‘Super group’ is a worrying term, often synonymous with a bunch of superstars in the ‘bloated Elvis’ period of their careers, creating music inspired by how rich and famous they now are (I’m looking at you Kanye and Jay-Z) or terrible, meshed together rehashes of what they all did before (Audioslave).
Atoms For Peace are, thankfully, a different prospect, as anyone lucky enough to catch them at London’s Roundhouse this week will tell you. The nation’s music press have been generally gushing about the gig, particularly what you can see above, a scintillating performance of arguably their best song, Harrowdown Hill, inspired by the contentious death of biological warfare expert David Kelly in 2003.
Comprised of Radiohead’s Thom Yorke, Red Hot Chilli Pepper’s bassist Flea, Beck/R.E.M drummer Joey Waronker and Forro in the Dark instrumentalist Mauro Refosco (plus long-time Radiohead producer Nigel Godrich), they’re like a guitar band fantasy football five-a-side and, remarkably, the whole thing works.
One reason is that, so far at least, Thom Yorke has been firmly in charge, and its his brooding falsetto stamp you hear all over what they play, mainly because they formed in 2009 to turn his electronic solo album Eraser into a live act (Harrowdown Hill was the first single from it). Any ‘too many chiefs’ scenario was therefore avoided early on.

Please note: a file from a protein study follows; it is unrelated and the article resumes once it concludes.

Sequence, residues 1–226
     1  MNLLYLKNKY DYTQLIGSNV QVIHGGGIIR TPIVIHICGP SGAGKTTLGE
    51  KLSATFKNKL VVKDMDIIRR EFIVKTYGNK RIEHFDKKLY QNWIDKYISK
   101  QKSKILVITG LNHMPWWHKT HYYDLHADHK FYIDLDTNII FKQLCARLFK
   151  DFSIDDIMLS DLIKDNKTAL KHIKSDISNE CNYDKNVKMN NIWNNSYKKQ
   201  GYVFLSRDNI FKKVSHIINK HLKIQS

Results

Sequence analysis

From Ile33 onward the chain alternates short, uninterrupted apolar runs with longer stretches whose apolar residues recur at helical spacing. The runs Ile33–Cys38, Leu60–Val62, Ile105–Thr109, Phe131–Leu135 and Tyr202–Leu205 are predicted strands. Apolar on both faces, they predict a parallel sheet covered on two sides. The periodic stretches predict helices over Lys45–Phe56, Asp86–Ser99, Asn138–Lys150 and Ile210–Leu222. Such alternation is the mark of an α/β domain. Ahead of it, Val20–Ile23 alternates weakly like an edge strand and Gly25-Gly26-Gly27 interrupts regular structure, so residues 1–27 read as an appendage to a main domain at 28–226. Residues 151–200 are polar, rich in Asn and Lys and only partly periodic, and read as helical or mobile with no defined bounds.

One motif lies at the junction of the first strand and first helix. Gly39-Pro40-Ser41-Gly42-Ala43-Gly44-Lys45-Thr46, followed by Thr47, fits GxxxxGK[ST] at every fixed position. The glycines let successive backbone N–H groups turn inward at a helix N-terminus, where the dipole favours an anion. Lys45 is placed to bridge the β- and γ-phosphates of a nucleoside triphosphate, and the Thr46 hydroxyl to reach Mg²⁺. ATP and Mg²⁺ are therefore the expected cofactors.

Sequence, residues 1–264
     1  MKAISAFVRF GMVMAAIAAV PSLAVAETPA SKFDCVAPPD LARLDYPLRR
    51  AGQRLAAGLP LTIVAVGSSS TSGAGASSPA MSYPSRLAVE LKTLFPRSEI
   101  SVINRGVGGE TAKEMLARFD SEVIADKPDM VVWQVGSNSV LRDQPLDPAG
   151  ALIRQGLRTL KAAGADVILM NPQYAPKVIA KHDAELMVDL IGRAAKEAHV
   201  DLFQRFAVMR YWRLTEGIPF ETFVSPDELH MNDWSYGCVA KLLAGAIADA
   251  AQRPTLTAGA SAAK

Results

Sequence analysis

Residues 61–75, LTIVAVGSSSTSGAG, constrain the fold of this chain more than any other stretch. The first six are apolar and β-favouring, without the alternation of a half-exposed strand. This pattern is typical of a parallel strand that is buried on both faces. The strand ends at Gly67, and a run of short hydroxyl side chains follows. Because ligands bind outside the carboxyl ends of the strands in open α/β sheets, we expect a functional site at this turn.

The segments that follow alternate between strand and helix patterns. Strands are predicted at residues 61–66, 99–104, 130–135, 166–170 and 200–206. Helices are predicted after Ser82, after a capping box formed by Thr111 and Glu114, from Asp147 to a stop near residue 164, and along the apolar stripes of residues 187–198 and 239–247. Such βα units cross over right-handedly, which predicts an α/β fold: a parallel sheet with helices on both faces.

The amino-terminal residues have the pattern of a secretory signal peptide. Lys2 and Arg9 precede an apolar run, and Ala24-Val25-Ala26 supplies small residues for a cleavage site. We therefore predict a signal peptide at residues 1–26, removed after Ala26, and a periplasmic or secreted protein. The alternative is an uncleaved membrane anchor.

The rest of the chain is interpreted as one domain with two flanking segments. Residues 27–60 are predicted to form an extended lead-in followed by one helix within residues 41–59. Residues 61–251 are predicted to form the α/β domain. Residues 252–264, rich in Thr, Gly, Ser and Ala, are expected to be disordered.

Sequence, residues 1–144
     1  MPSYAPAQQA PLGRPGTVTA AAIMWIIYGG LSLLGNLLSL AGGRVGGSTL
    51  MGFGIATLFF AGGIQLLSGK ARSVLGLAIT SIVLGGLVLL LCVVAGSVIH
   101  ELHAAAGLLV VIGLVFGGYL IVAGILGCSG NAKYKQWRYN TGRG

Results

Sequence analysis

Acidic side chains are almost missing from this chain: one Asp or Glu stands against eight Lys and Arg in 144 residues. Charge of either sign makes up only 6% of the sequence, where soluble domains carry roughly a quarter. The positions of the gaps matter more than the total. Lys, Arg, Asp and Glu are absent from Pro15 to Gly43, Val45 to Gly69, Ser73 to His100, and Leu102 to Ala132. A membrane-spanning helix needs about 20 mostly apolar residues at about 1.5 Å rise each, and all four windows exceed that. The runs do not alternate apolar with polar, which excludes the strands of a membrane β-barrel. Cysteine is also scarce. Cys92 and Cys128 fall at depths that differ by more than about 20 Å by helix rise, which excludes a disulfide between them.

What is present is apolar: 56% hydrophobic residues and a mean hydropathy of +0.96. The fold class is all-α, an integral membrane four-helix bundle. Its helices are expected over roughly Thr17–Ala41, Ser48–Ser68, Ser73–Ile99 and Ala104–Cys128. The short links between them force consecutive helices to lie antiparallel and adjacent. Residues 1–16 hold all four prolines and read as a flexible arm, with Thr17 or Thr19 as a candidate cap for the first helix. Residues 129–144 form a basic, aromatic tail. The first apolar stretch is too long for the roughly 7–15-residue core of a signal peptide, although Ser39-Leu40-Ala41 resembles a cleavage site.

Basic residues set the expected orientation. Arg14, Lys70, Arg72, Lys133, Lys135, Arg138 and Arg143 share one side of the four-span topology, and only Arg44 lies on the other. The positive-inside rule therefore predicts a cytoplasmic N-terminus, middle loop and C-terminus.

The release this year of Amok, their debut album as a collective, was met with tentative approval by most, a sign that this might be one super group that finds its feet properly rather than just imploding.
The most fascinating element of Atoms For Peace is the combination of Yorke’s haunting British electro and Flea, who has spend most of the past 30 years slapping out bass lines for the generally blissful Californian rockers RHCP.
The fact that, on most counts, their two sounds dovetail beautifully is one of several reasons to feel excited about a 'super group' who are genuinely striving to create a new sound, rather than just piss about together being rock gods. In fact, let’s ditch the term altogether shall we?